Ryan Schembri: Why filmmaking?
Abraham Joffe: My first love has always been
a fascination with history, stories of exploration,
endurance and science. My dad used to
read me National Geographic magazines for
bedtime stories and I loved it. And when I was
10 years old, my mum and dad packed up the
four kids, bought a 1984 Troop Carrier and
traveled around Australia. Mum was the one
who bought our first camcorder—which quickly
became my camcorder. I started by filming our
adventures as a family and I was hooked.
RS: Did you go to film school? Is it necessary
for today’s filmmakers?
AJ: I attended the North Sydney TAFE film and
TV course straight after school. It was a great
course, and it was nice to get the experience
of working with 16mm film. Even though I did
miss most of the second year due to working
with Malcolm Douglas, they graciously allowed
me to complete subjects in my own time. It was
good to get the diploma. I think all forms of
training and study are beneficial, but of course
nothing beats hands-on experience.
RS: When was your first experience using a
DSLR as a video camera
AJ: I first picked up a Canon 5D Mark II in April
2009, at the NAB conference in Las Vegas. For
me, like most people, it was a jaw-dropping
experience. The combination of full-frame
sensor/shallow depth-of-field plus low-light
capability made it irresistible. I was an early
adopter, and we bought three cameras and a
bunch of primes right out of the gate. We were
the first studio in Australia shooting multi-cam
weddings with the 5D; our business soared.
RS: Untitled Film Works shoots more than
90 weddings per year. Is there a formula for
a good wedding film?
AJ: We’re known for our cinematic, story-driven
films. We believe our point of difference is that
we will spend a lot of time with our couples
prior to the wedding because to document
the big day successfully, we need to fully
understand the couple’s story.
We often shoot what we call ‘pre-scenes,’—
interviews and scenes with the couple going
about their everyday life before the wedding.
It’s nice to weave this footage in with the
wedding day because it gives a broader sense
of who the couple is.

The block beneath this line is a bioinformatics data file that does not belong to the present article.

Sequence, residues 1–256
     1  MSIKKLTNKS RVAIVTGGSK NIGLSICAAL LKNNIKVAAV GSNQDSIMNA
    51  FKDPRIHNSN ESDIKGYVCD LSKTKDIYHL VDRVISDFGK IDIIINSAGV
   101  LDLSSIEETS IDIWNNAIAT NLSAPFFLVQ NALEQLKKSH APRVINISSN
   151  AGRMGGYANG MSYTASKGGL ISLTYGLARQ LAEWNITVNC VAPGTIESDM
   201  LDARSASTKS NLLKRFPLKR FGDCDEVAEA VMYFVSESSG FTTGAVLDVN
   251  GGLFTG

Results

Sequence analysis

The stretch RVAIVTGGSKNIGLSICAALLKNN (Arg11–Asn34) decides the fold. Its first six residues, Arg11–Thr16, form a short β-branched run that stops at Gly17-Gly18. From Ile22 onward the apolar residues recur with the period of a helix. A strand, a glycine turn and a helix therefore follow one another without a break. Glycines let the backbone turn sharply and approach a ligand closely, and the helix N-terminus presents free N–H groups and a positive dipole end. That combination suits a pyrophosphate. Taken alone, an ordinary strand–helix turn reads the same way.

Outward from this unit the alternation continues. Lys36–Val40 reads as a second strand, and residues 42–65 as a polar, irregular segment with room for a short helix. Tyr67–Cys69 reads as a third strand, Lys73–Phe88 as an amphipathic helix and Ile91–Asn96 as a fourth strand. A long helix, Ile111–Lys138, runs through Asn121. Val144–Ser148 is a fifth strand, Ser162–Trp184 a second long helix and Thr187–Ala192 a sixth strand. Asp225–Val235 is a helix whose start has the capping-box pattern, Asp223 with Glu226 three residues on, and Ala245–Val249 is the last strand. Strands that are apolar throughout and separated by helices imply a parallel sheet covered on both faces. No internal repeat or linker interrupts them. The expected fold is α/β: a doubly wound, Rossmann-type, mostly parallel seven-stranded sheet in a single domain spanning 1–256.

Almost every wedding features a white
RS: How do you successfully intersperse
dress, vows and speeches, but if you have
other material from outside the wedding day,
you can create a film that means more to the
couple...and offer a larger package.
interviews into videos?
AJ: Like always, content is king, and the most
important thing you want to take away from an
interview is narrative that helps push the story
further or reveal something new from your
subject. I am constantly striving to become a
better interviewer—and I find it all starts with
empathizing with your subject. The interviewer
ideally should not be involved in the technical
side of the shoot. Keep eye contact with your
subject and try and help them forget there is
a recording session taking place. The more
comfortable and connected the subject is to
you, the more personal it becomes.
RS: With a large-sensor camera and
4K resolution, what’s your secret for
AJ: In 4K, correct focus becomes even more
critical. In the past, getting a subject just slightly
out of focus could sometimes be included in
a scene and go by unnoticed. Not in 4K. Even
the slightest degree out will strike the eye very
quickly. So practicing your focus pulling has
never been more needed. I tend to stay away
from adding larger monitors to the cameras as
I generally find that slows down the shooting
speed. I like my rigs stripped down to the bare
essentials; it suits my shooting style.
OPPOSITE PAGE: A shot of Joffe filming time-lapses for a wedding in Santorini, Greece, in 2013.
BELOW: Australia’s first 4K wedding, captured by Joffe in 2012.
BRAHAM JOFFE has gained ground in recent years, both in his native Australia
and here in the U.S., as a dedicated, passionate documentary and nature
filmmaker. The advanced diver/underwater cameraman, adept at 4K workflow,
time-lapse and other filmmaking techniques, began his career shooting for the late
filmmaker and adventurer Malcolm Douglas in the far reaches of Western Australia. Today,
Joffe’s Sydney-based company, Untitled Film Works, is highly regarded for its creative
storytelling and currently produces most of the film content for Canon Australia.
I first met Abe at a wedding expo where we were both displaying our work. I was totally
mesmerized by the beautiful imagery playing on an HD monitor Abe had brought in to
showcase his first 5D wedding. (We’ve since shot many big weddings together, and I have
appeared in a couple of Abe’s documentary pieces for Canon.) I recently sat down with Abe
[who won a Grand Award in the Filmmaking category at WPPI; see pg. 78] to ask him about
his style and technique and find out what’s next for this cinematographer from Down Under.